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Kentucky Basketball: Trying to Reason With the End of the Season

This is the best possible way to end the season, but the thing is, it still ends.
This is the best possible way to end the season, but the thing is, it still ends.

Are you having trouble letting go? As a Kentucky fan, many of us seem to have trouble letting go of the season that just ended. Perhaps, although it's hard to say without first-hand knowledge, its a bit like going into withdrawal from some kind of addiction. This will be the first Saturday without college basketball since mid-November, and even though the Masters is an option for some of us to feed our sports fix, college basketball is what many of us live for. And now it's over.

Of course, it's a bit different when you end the season at the top of the heap than when it ends short of the goal, and at Kentucky, the goal is always the same. Expectations differ -- few people would have considered last year's team a likely Final Four participant, let alone a national champion, particularly in the middle of February. Expectation vary somewhat as to what the ultimate outcome will be, but the goal is always the NCAA Tournament championship.

At this point in time, we have a fair but incomplete idea of what the off season will bring. We are universally certain that Anthony Davis will move on to be the #1 draft pick in the NBA, Kentucky's second #1 in three years (Has that ever happened before?). It also seems very likely that Michael Kidd-Gilchrist and Terrence Jones will be in the first round. I feel that it is unlikely that Jones will stay for a third season, but it is theoretically possible since some mocks have him going late in the first round, while others have him firmly in the lottery.

Doron Lamb could also return, as he is universally considered a second-round pick, but to be honest, I'm not really sure he can improve his draft status to first round if he does return. It is possible that next year's draft will be weaker in the two-guard area (I don't know, though, I have not analyzed it), but if it isn't, he may have a better chance this year at sneaking into the first round.

There is also the question of Marquis Teague. Both the mocks that I put the most stock in have him going late in the first round, and while there is really no doubt he could improve that status with another year at Kentucky, it's definitely unclear that he will. He and Lamb probably need to compare notes, because Archie Goodwin is definitely good enough to take the starting 2-guard spot and could wind up leaving Lamb coming off the bench depending on who else matriculates to UK.

If Shabazz Muhammad, who wants to play the off guard in college despite his "developing" (recruiting code for inconsistent) perimeter game decides to come to Kentucky, It would really be no trouble at all for UK to go to a 3-guard lineup with Poythress at the 4 and Willie Cauley, Nerlens Noel, or Alex Oriakhi at the pivot. Anthony Bennett could also serve in that role, more or less interchangeably with Poythress. At this point, it still seems likely to me that Kyle Wiltjer will be coming off the bench next year, but in a significantly enhanced role.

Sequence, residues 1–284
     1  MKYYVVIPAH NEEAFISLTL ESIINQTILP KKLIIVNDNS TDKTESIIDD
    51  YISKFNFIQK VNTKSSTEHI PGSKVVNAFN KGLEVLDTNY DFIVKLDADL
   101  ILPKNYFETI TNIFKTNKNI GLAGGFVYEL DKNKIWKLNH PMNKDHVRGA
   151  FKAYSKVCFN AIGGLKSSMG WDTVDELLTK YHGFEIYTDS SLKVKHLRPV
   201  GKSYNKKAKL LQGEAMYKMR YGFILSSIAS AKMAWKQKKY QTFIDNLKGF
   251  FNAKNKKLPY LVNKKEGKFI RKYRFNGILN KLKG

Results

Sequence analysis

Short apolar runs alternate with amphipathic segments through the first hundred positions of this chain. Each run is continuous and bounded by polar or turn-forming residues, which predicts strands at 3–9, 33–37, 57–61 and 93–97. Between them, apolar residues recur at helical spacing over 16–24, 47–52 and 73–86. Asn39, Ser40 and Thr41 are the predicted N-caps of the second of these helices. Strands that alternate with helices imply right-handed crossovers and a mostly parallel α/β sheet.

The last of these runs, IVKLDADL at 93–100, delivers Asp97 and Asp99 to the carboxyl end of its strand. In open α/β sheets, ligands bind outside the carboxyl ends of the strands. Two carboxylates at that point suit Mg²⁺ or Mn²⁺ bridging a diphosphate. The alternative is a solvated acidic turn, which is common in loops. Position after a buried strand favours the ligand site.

Since we are speculating on the shape of things to come, we might as well look at what happens if Davis, MKG, Jones, Lamb, and Teague all leave early, which is certainly a possibility although I really do think at least one of the last three will stay another year. But if they all go, we would be looking at the youngest Kentucky team of Calipari's tenure. Assuming that Muhammad and Noel both come, the starting lineup could feature all freshmen except for Ryan Harrow at the point. The same would happen probably if Bennett comes and Noel does not, but it would change the shape of the team somewhat.

If Muhammad does not come and Noel does, Poythress could move to the 3 and Wiltjer into the starting 4 spot. Oriakhi could also fill in the pivot of Noel doesn't come. In all of these scenarios but the ones including Oriakhi, Kentucky still fields an exceptionally young but talented team consisting mostly of freshmen.

There are other recruits, like Amile Jefferson, who plays in the Derby Classic high school all-star game tonight, who could pick UK and further impact the lineup next year, with or without some or all of the aforementioned recruits. There are really too many scenarios to examine in detail, but I'm pretty sure the Kentucky coaching staff has a pretty good idea who they are likely to get and who they aren't. Some of the decisions are no doubt waiting to hear from the present UK players, but others like Muhammad and Noel, who are declaring their college choices next Wednesday, are not

No matter what, unless we have a surprising number of players returning, next year's team will be young even by Kentucky standards. There will be no more Darrius Millers or Patrick Pattersons with years of experience at UK to provide a touch of experience. Even with that said, though, one thing remains certain -- the talent level that Coach Cal continues to bring in will make Kentucky a very competitive and even dangerous team who can, at any time, force their way onto the biggest stage of all.

As a Kentucky fan, what more could you want? Well, yes, we'd all like to see some continuity, but the NBA has made that all but impossible. This is the world we live in, and unless the NBA can be persuaded to rethink their draft policy, it will be the world we live in for some time.